Emmie’s name was actually spelt as Emme, which turned out to be the first name of her mother. Her siblings were: Claude 29; Ethel 25; Albert 20; Arthur 18; Ernest 14; Hilda 11. All were shown as being born at Llantrisant. Why were they all living together? Possibly the parents had died, although I was unable to confirm this for certain. I found in the General Register Office death indexes an Emmy (sic) Ellis who died in Pontypridd registration district in 1906, aged 46, who may have been the mother.
In the 1901 census, the family were also in Llantrisant Road, Pontyclun, but with no house number given. Head of the household was Charles Ellis, 45, a bend maker in a pottery works, born at Gloucester. His wife, Emme, 40, was born at Penmark, Glamorgan, and there were eight children from 19 to one, including Emmie aged three. All the children were born at Llantrisant except Emmie whose birth place was given as Llanharan:
Charles and Emme Ellis were the great-great-grandparents of Tom Ellis. A decade earlier in 1891, Charles Ellis and his family were at Talbot Road, Llantrisant. In this census, however, his wife was called Amy, but clearly it was the same woman since her age and birth place tallied with the details given in 1901:
Charles’ occupation was a pipe maker and there were five children ranging in age from 9 down to an unnamed baby son whose age was given as nought.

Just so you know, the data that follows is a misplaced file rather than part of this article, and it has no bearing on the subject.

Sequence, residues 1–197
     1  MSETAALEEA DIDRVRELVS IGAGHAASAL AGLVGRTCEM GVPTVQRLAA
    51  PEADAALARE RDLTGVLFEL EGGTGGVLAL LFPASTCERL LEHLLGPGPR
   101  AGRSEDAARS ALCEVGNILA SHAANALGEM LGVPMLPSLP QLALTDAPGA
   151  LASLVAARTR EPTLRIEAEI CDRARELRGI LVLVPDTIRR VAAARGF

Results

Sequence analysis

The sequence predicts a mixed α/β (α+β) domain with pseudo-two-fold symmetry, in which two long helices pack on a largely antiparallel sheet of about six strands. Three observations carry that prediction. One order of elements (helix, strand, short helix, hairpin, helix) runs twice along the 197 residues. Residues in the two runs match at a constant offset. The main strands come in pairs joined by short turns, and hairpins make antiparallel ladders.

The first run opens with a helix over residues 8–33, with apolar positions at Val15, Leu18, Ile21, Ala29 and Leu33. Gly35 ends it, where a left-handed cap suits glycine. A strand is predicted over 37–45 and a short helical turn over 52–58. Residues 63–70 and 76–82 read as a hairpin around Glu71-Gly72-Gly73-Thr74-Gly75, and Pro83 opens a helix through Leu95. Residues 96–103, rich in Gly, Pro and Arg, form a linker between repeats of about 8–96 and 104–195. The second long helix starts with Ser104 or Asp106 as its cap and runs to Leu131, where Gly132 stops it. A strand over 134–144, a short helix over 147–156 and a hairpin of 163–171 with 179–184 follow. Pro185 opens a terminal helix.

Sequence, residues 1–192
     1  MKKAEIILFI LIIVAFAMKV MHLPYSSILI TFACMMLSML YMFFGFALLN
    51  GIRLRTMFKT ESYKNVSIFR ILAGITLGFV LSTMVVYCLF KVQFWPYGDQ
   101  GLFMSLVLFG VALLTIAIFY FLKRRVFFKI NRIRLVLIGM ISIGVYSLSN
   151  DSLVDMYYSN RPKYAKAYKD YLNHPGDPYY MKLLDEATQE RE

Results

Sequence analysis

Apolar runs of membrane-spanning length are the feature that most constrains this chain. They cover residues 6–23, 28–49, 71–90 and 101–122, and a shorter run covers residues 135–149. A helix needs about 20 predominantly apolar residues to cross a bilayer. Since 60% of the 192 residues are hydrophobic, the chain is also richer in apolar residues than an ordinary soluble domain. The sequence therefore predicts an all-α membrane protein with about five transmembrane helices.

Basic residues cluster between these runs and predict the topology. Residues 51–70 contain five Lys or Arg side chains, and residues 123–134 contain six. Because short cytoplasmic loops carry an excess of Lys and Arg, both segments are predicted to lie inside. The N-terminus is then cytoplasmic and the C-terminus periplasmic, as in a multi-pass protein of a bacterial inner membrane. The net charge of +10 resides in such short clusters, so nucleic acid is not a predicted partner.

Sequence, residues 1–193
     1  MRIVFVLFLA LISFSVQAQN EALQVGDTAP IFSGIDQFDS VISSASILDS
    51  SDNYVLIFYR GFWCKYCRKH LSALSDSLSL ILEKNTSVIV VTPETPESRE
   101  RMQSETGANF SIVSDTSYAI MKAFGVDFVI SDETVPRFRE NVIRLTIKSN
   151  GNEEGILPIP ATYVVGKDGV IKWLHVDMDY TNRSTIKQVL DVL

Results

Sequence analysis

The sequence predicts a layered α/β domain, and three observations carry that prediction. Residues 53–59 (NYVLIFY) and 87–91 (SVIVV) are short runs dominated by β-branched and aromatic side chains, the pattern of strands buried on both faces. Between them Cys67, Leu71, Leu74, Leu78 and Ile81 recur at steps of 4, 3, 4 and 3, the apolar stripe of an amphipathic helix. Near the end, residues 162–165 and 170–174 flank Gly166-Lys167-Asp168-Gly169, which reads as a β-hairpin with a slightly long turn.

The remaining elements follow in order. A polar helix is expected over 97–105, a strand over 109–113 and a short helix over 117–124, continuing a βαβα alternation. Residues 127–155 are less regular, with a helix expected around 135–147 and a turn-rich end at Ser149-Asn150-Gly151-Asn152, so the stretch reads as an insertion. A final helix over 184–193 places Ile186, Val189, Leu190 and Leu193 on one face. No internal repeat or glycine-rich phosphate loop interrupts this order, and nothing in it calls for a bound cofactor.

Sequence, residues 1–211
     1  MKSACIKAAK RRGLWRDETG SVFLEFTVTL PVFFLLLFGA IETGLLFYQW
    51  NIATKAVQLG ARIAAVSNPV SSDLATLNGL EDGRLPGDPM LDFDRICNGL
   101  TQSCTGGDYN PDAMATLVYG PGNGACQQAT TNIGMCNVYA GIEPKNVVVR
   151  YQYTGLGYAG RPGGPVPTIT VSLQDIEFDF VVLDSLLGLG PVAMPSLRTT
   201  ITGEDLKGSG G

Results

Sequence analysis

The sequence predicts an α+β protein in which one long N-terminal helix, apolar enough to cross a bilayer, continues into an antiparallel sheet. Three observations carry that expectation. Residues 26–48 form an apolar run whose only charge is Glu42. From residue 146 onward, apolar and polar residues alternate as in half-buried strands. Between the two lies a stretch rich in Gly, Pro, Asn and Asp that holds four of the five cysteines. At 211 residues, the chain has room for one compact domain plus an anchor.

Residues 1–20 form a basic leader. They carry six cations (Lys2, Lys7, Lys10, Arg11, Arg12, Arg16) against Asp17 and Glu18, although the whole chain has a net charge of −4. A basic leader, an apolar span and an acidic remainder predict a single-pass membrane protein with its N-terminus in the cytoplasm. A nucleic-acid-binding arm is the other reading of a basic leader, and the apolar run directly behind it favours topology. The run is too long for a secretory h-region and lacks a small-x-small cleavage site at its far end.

Going back yet another 10 years to the census of 1881 I found Charles and Emmy (sic) Ellis at Danygraig Villas, Llantrisant with Charles’ occupation shown as an iron shearer in a tin works. In this census they had not yet had any children.
It seems that Charles’ wife spelt her name a number of ways – either that or the enumerators couldn’t agree! I found the likely marriage in the GRO marriage indexes at Pontypridd registration district in the last quarter of 1879 of Charles Ellis and Amy Prosser and I feel sure this was the right couple.
In a bid to trace Charles further back and discover who his parents were, I next went to the 1871 census. I found Charles, aged 14, at an address called Pontclown Fach in Llantrisant with his parents, Henry and Mary Ann Ellis, and seven siblings:
Henry Ellis was 50, occupation fitter, born at Payhembury, Devon, a place near Honiton, while Mary Ann Ellis, 48, was born at Cullompton, Devon. The children were six sons ranging from 18 to seven and a daughter of 20. Of the sons, three – William Henry, 18, Samuel Robert, 16, and Charles, 14 – were all born at Gloucester, while a son Rowland, 9, was born at Neath, Glamorgan, and two sons called Frank and Alfred, both 7 (and probably twins) were born at Cheltenham. The daughter Jane, 20, was said to have been born at Silverton, Devon, a village between Exeter and Cullompton. It looks as if Henry and Mary Ann had moved around a bit while having their family.